The wetlands throughout the forest provide a constant source of nutritional foods and significant fibers for the Yorta Yorta People. Resources in the landscape were also used to manufacture canoes, shields, and carrying devices.
Flooding in the Barmah-Millewa Forest depends on the flow in the Murray River. A natural narrowing of the river (commonly referred to as the Barmah Choke) restricts the flow and causes overbank flooding when the flow below Yarrawonga Weir exceeds the channel’s capacity. This restriction influences both the operation of Yarrawonga Weir and the magnitude of environmental flows that can be delivered to the forests. The Yorta Yorta People see this narrow part of Dhungulla (Murray River) as a culturally significant creation story, and it provides ecosystem services both from a culturally and environmentally significant viewpoint. The name ‘Barmah Choke’ is culturally inappropriate for the Yorta Yorta, and it is seen as a negative way to view their traditional lands and waters. Yorta Yorta People refer to this as the ‘Pama Narrows’, or more simply ‘The Narrows’.
Before the river was regulated, Barmah-Millewa Forest was regularly flooded with high flows from rainfall and snowmelt in winter and spring. These regular floods shaped a rich, productive forest environment. The construction and operation of Hume Dam and Dartmouth Dam have greatly reduced the size and frequency of natural winter/spring floods in Barmah-Millewa Forest.
Operational deliveries that supply water to users downstream of The Narrows can cause unseasonal, low-level floods, which can damage the forest and banks of the river, depending on the timing and volume of the flow. Country for the Yorta Yorta People continues to change, but the changes have been rapid post-settlement due to the installation of infrastructure and river regulation. This has changed Country culturally and environmentally for the Yorta Yorta People.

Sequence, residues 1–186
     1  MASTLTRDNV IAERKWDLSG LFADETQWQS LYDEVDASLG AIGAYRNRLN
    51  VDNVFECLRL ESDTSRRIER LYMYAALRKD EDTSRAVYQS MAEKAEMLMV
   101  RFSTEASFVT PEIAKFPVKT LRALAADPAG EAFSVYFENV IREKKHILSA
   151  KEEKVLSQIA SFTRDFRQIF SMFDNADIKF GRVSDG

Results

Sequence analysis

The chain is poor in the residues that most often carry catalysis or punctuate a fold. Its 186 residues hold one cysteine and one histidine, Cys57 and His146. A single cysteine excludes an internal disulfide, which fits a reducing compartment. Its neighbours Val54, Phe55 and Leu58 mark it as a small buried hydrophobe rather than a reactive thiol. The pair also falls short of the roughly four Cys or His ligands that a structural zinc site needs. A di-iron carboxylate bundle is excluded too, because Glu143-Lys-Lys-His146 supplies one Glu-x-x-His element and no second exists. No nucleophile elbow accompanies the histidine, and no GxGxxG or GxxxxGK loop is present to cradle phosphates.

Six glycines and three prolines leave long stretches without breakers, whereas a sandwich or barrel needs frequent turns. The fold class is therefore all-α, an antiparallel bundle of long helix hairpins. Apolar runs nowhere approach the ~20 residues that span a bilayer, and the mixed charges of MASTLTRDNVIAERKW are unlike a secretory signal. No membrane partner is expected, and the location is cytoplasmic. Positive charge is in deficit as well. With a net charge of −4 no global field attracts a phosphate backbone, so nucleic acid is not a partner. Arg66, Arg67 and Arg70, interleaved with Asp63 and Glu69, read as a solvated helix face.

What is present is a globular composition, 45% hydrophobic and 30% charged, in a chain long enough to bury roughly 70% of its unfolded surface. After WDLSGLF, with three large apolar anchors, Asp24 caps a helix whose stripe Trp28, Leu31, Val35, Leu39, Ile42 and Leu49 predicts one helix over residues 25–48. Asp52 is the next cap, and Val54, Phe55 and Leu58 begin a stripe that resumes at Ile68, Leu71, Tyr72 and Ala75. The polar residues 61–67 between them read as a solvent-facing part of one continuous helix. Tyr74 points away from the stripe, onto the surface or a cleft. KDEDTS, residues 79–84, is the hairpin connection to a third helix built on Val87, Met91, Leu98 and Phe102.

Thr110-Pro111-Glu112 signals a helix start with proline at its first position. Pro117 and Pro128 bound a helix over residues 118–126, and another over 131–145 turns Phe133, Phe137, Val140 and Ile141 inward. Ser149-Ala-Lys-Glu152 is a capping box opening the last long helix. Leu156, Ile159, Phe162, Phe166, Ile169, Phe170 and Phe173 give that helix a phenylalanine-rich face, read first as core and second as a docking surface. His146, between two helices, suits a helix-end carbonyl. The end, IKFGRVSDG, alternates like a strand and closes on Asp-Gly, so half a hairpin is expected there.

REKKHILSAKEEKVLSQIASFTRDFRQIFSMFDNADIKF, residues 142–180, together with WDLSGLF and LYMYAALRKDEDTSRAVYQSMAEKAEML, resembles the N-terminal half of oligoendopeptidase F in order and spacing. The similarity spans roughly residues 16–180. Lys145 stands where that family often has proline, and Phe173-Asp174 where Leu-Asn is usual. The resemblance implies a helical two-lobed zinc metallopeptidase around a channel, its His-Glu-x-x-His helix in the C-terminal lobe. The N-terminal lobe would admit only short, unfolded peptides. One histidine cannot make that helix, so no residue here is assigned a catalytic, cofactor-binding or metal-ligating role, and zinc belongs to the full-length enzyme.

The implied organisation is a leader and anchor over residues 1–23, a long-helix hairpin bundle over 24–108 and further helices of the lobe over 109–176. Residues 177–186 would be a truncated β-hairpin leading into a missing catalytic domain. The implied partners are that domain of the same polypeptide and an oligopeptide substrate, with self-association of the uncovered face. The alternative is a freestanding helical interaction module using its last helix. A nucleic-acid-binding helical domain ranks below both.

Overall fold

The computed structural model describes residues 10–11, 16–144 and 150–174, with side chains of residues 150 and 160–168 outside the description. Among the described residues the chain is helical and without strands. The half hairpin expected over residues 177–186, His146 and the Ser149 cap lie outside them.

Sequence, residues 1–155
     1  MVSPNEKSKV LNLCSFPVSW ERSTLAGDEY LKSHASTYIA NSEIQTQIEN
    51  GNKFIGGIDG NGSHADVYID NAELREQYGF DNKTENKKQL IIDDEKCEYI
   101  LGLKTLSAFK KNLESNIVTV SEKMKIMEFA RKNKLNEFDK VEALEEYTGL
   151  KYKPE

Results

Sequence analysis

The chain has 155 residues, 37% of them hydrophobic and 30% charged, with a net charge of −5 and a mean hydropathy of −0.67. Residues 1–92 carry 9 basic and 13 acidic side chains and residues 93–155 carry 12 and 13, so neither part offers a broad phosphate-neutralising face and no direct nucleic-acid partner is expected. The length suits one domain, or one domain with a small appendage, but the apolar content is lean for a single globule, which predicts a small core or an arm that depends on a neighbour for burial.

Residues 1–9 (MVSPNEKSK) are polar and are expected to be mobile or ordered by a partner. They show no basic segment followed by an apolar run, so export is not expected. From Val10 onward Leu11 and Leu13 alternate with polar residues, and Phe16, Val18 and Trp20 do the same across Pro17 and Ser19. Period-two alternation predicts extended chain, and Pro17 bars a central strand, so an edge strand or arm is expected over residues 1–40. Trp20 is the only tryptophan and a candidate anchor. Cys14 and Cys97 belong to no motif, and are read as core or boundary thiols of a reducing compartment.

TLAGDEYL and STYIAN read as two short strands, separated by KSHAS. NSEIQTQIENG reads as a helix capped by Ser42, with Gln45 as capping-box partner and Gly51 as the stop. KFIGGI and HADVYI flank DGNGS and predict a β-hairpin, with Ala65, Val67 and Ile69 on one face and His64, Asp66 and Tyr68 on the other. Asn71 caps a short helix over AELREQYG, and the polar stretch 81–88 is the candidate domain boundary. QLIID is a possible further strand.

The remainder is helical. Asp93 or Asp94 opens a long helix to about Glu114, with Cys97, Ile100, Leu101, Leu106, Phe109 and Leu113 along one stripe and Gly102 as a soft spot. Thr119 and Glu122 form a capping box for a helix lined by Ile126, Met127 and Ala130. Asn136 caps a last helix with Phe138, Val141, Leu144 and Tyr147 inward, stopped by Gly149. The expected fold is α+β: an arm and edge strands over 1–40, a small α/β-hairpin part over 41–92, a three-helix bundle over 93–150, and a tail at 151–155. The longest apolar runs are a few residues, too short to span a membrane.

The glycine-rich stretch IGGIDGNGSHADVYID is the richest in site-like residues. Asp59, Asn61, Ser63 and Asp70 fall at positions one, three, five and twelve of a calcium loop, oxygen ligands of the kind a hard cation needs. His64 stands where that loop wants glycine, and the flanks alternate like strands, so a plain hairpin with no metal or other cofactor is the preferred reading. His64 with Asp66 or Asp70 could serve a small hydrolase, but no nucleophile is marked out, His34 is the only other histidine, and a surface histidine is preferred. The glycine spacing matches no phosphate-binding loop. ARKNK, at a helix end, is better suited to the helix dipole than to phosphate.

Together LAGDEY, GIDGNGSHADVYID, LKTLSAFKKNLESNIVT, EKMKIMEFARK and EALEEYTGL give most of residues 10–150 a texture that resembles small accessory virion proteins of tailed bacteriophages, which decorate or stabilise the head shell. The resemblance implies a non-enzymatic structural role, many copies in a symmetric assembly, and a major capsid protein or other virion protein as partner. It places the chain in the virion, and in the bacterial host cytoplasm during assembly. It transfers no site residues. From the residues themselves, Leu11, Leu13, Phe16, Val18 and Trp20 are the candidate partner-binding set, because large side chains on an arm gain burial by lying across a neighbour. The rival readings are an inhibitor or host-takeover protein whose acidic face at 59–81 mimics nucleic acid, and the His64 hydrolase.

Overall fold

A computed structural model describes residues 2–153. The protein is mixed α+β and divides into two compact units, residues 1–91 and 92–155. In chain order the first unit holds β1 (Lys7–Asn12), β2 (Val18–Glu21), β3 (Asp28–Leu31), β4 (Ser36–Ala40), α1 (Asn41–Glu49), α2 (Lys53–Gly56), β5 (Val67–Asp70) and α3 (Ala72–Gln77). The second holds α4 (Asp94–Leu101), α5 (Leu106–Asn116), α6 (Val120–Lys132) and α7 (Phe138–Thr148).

The delivery of irrigation water during summer/autumn is now managed to minimise the unseasonal flooding of the forest. Regulators along the banks of the Murray River that control flow between the river and the forest remain closed during summer and autumn to restrict flow through low-lying flood runners to simulate natural conditions. The delivery of water to Barmah-Millewa Forest is also limited by a flow constraint below Yarrawonga Weir that aims to minimise impacts to adjacent farming operations in NSW. The current constraint limits the regulated flow to a maximum river level of 3.3 m at the Tocumwal gauge (about 18,000 ML per day downstream of Yarrawonga Weir), subject to various conditions. A regulated flow up to a river level of 3.0 m on the Tocumwal gauge (about 15,000 ML per day downstream of Yarrawonga Weir) can be delivered at any time during the year and is not subject to conditions. To overcome this constraint, most environmental flows are shared between Barmah and Millewa forests to deliver water to low-lying wetlands in each forest at least every second year. It is currently not possible to achieve the desired flood depth and duration for floodplain marsh vegetation in both forests at the same time without larger natural flooding.
Water management at Barmah-Millewa Forest seeks to build on natural flow and the delivery of consumptive and operational water en route to optimise environmental outcomes when possible. As Barmah-Millewa Forest is located towards the upper reaches of the regulated portion of the Murray River, water for the environment that passes through the forest and returns to the river can often be used at sites further downstream as part of multi-site watering events.